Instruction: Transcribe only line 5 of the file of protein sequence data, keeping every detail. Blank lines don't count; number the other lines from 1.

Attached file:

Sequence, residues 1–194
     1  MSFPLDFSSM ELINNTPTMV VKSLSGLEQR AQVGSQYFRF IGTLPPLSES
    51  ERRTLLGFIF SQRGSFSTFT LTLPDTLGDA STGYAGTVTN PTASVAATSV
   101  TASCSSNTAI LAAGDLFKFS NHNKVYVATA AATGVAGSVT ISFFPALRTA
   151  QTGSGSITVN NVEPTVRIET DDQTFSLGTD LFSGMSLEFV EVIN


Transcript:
   151  QTGSGSITVN NVEPTVRIET DDQTFSLGTD LFSGMSLEFV EVIN